With everyone recovering from their Mardi Gras hangovers (both food and alcohol induced), we hope no one is giving up water and Advil for Lent. The 40 days (and nights) leading up to Easter is known as Lent and is observed by Catholics as a way to fast and abstain from the vices and worldly enjoyments that may take them from their faith or even concentration on living a pure life. Catholics are expected to “give up something” during Lent; it could be any number of things like diet soda, television, sex, smoking, alcohol, or social media.
One thing all Catholics must give up is meat on Fridays, considered a day of abstinence. Fish and vegetarian dishes become go-to meals during Lent. Fried fish sandwiches and cheese pizza seem to be standards of the Catholic diet during this time because they’re easy and accessible, especially if you’re used to a drive-thru menu.
Whether Meatless Monday or Meatless Friday, we say embrace it and use this as an opportunity to overhaul your dietary habits. Only good things can come of it, right?
We’re making the next seven Fridays a snap and planning the meals for you. These are seven of our most popular meatless and fish recipes for dinner. (more…)
Whether you observe Lent for religious purposes, or just use the time as an opportunity to reflect, realign and restate your New Year’s resolutions, the 40 days that follow Mardi Gras can help you adapt to healthier habits.
The following suggestions will help you brighten your perspective during this thoughtful time of restraints so you don’t experience success-stealing withdrawals from your favorite guilty pleasures. Turn your old bad habits into new healthy habits by incorporating mindfulness meditation and yoga, and by repeating positive affirmations.
The next time you find yourself craving left over Valentine’s Day candy for example, instead of rushing for the half eaten heart shaped box of chocolates, stop and take a moment to think before you act. Feeling powerless over food cravings can lower your self-esteem, leading to more cravings. Break the vicious cycle by pausing, connecting with the feelings and sensations associated with wanting to eat the candy, and then let go of the need to oblige your desire. Easier said than done? Not if you practice, again and again. The more you partake in mindfulness meditation, the more natural it becomes. Eventually you will be the ruler of your cravings, rather than a slave to them.
For many, Lent is a time to give up something for the purpose of honoring the 40 days Jesus was said to walk through the desert, lured by the devil on many occasions. Christian or otherwise, Lent can be observed by anyone wanting to experience discipline, inner strength and conviction. Whether it is a vice we’ve been battling with, an addiction we need to curb, or simply the wish to deny ourselves our favorite luxury, the essence is in finding the devotion and dedication to let go of the inner demon of temptation.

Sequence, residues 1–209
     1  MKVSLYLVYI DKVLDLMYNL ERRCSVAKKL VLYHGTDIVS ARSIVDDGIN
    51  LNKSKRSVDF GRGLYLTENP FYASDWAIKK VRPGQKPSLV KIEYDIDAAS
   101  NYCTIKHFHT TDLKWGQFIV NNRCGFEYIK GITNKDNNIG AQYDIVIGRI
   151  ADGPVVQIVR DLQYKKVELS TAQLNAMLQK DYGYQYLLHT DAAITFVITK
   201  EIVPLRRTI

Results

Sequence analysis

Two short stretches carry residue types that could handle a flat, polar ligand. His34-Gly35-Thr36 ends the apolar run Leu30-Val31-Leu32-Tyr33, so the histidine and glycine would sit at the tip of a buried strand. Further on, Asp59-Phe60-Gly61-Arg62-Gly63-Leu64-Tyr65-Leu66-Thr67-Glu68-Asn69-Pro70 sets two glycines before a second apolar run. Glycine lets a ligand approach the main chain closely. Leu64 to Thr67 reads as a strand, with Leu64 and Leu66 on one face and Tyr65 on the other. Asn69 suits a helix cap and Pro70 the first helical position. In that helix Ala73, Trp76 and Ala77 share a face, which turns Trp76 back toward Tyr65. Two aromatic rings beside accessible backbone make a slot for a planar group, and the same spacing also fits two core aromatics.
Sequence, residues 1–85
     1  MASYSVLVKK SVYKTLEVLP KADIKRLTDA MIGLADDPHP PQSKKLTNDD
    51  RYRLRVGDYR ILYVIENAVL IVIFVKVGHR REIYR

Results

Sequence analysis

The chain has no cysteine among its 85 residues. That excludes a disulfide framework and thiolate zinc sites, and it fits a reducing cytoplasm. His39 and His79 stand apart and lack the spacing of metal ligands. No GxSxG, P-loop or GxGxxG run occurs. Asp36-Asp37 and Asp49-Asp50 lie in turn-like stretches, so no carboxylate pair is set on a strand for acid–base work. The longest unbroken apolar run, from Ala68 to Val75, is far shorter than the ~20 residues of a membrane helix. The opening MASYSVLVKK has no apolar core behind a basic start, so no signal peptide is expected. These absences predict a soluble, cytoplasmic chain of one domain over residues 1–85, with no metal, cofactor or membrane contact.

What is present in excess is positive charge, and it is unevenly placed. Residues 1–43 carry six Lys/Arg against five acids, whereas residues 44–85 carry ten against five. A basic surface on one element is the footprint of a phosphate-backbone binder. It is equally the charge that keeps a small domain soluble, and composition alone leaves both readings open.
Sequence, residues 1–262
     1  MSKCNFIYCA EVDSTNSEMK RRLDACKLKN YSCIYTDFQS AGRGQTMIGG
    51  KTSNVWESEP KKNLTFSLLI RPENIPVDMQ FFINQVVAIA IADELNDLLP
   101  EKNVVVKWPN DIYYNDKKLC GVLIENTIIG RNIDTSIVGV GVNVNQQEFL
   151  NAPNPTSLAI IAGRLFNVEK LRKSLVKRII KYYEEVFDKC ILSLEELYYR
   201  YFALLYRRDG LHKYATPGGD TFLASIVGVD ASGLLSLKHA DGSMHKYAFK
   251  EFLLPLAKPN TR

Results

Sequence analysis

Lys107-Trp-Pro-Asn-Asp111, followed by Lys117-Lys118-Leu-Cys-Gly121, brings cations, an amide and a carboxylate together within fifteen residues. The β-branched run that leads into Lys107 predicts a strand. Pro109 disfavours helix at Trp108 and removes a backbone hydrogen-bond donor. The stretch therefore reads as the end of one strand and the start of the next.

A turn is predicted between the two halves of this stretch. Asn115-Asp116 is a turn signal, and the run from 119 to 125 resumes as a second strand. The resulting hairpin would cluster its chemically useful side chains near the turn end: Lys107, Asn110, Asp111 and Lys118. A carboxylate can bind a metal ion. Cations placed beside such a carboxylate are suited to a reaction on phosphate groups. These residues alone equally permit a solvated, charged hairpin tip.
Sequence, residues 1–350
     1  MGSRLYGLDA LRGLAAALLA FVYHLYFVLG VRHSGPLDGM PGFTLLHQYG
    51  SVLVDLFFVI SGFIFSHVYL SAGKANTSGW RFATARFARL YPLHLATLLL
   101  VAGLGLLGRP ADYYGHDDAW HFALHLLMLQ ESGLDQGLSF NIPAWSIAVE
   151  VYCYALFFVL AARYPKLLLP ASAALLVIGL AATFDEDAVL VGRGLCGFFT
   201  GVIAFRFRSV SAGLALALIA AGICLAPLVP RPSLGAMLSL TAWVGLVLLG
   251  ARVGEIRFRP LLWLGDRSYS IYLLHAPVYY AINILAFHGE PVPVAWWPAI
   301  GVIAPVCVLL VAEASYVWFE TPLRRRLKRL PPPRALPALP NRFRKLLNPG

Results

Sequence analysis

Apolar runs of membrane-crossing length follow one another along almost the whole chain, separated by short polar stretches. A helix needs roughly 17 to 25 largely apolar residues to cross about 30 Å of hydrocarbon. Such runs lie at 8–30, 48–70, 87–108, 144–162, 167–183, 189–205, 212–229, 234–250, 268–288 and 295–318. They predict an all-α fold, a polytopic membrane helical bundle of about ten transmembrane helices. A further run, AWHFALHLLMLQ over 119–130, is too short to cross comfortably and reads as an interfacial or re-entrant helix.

Forty days is a long time to live without something you’ve been used to doing or having. Some of us make it easy on ourselves, while others will go all out in an effort to really challenge themselves. I have heard vegetarians say they are going to give up meat for Lent, and just recently my father told me he was going to give up listening to his Wayne Newton albums. Both are absurd, the prior for obvious reasons, and for those of you who don’t know my dad, he is definitely not a fan of Wayne Newton.
But for those of you who are actually going to give up something that will make you squirm, cringe, and want to renounce your devotion, the following meditation will help you stay the course.
The day before you start a cleanse, head out to a yoga ashram or decide to diet can feel much like a Mardi Gras celebration, as Mardi Gras is also the day before restrictions, deprivations and abstinences begin. The hours leading up to long stretches of time without participating in any guilty pleasures seem to be the hardest. Binging on alcohol, candy, and junk food, because we know we’re not going to have it, is what hurts us more than eating or drinking in moderation.
Some lively yogis who like to party believe in the ‘detox-retox’ cycle. It means you sweat the toxins out in your hot yoga class so you can party like a rock star later, and then go to yoga to detoxify again. If this were true, no one would suffer from the consequences of living an unhealthy lifestyle no matter how much we ate or drank. Unfortunately, the ‘detox-retox’ cycle contributes to health and well being about as much as binging on alcohol on Mardi Gras aids in the benefits we might gain from the following forty days of abstinence called Lent.
During the Lent season, or the period between Ash Wednesday and Easter Sunday, many people who observe these holidays abstain from eating meat on Fridays. While this might sound tedious to dedicated carnivores, Friday doesn’t always have to be a pizza night. If you’re already tired of spaghetti and scrambled eggs, think about incorporating seafood into your breakfasts, lunches and dinners.